Exit Polls Forecast Livni Over Netanyahu In Israel - CBS News 8 - San Diego, CA News Station - KFMB Channel 8

Exit Polls Forecast Livni Over Netanyahu In Israel

Posted: Updated:

JERUSALEM - Exit polls forecast that Foreign Minister Tzipi Livni's Kadima Party would eke out a surprising victory in Israel's election Tuesday, but a strong showing by hard-line rivals will make it difficult for her to form a coalition government.

The exit polls announced on Israeli TV stations gave the centrist Kadima a narrow edge over Benjamin Netanyahu's hard-line Likud Party. The results, if confirmed, marked a stunning turn of events for Netanyahu, who had held a solid lead in opinion polls until just before the parliamentary election.

Cheers erupted at Kadima's election night headquarters as the exit polls were announced. In contrast, the mood at Likud's headquarters in Tel Aviv was dour.

If the exit poll predictions hold up - and they sometimes do not in a close election - it's not clear if Livni will be able to form Israel's next government and become prime minister. The projections said hard-line parties won 66 seats in the 120-member parliament, while liberal parties captured just 54 seats.

Such a result would mean that Livni would have to reach out to the hard-liners to bring them into a government, or even result in Likud leading the next government.

Preliminary results were expected early Wednesday.

In the coming days, President Shimon Peres will ask the leader who he believes is most capable of forming a coalition to try to put together a government.

"Bibi will be the next prime minister," said Gilad Erdan, a Likud lawmaker, using Netanyahu's nickname. "The right wing bloc won. It doesn't matter that he came in second. Bibi will be the next prime minister."

Israel's three main TV stations released exit polls as voting ended at 10 p.m. Tuesday.

Based on exit polls, Channel One and Channel 10 each gave 30 of 120 parliament seats to Kadima and 28 seats to Likud. Channel Two gave 29 seats to Kadima and 27 to Likud.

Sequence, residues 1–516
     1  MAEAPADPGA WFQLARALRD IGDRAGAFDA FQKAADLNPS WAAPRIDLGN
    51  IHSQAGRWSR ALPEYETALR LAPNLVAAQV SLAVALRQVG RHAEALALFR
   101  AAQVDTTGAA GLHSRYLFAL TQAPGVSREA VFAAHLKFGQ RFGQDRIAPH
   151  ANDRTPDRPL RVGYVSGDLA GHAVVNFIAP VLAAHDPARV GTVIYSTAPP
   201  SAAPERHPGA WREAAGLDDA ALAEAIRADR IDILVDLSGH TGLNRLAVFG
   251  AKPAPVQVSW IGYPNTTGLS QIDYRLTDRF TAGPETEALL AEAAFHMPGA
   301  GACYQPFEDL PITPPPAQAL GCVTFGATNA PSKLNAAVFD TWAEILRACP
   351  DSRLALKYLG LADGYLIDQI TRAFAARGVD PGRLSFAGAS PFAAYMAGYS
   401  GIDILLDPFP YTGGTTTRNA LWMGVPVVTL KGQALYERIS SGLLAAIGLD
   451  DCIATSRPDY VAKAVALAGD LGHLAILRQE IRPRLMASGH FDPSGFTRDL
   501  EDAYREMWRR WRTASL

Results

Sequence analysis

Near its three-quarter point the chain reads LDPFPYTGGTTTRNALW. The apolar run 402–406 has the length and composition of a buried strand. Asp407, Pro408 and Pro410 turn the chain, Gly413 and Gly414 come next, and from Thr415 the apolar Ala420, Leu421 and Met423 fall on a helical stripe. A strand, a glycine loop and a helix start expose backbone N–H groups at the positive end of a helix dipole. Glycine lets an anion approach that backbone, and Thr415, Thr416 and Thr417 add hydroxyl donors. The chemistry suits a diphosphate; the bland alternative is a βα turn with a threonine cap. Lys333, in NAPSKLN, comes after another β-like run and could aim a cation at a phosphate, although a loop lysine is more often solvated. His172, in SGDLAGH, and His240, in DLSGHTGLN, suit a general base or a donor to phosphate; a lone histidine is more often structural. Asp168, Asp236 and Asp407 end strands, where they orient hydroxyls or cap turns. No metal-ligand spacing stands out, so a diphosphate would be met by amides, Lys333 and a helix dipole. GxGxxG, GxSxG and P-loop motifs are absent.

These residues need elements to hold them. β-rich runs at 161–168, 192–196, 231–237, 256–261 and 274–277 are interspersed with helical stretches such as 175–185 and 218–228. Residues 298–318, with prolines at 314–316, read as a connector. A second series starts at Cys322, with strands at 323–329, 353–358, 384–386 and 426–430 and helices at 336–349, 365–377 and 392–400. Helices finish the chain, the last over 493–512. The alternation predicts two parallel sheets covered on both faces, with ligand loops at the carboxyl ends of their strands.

The polls said the ultranationalist party Israel Beitenu made a strong showing with at least 14 seats, giving it a strong voice in determining the makeup of the next government.

Israel Beitenu's ultranationalist leader, Avigdor Lieberman, has stoked controversy by proposing that Israel's Arab minority pledge loyalty to the country or be stripped of citizenship.

In fourth place was the centrist Labor Party, according to the polls, a poor showing for the party that led Israel for decades.

Livni was one of the architects of Israel's offensive against Hamas in the Gaza Strip last month and has worked to present an image of herself as tough but sensible.

Netanyahu portrayed himself as the candidate best equipped to deal with the threats Israel faces - Hamas militants in Gaza, Hezbollah guerrillas in Lebanon, and behind them an Iranian regime Israel believes is intent on developing nuclear weapons.

The national mood is at least partially linked to the rocket fire from Gaza that sparked Israel's offensive there, and to a sense among Israelis that territorial withdrawals like the 2005 Gaza pullout have only brought more violence.

Netanyahu opposes ceding land to the Palestinians and favors allowing Israeli settlements in the West Bank to expand, two points that are likely to put him on a collision course with the new U.S. administration.

Livni, who hopes to become the first woman to lead Israel in 35 years, has served as chief negotiator with the Palestinians and says a West Bank withdrawal is necessary for Israel's security.

With no clear majority expected in parliament, the winner is likely to be forced into a coalition with smaller parties. A fractious alliance unable to make difficult decisions could further complicate efforts to create a Palestinian state and pose a challenge to President Barack Obama, who has said he will become "aggressively" involved in pursuing Mideast peace.

Powered by Frankly
All content © Copyright 2000 - 2018 KFMB-TV. All Rights Reserved.
For more information on this site, please read our Privacy Policy, and Terms of Service, and Ad Choices.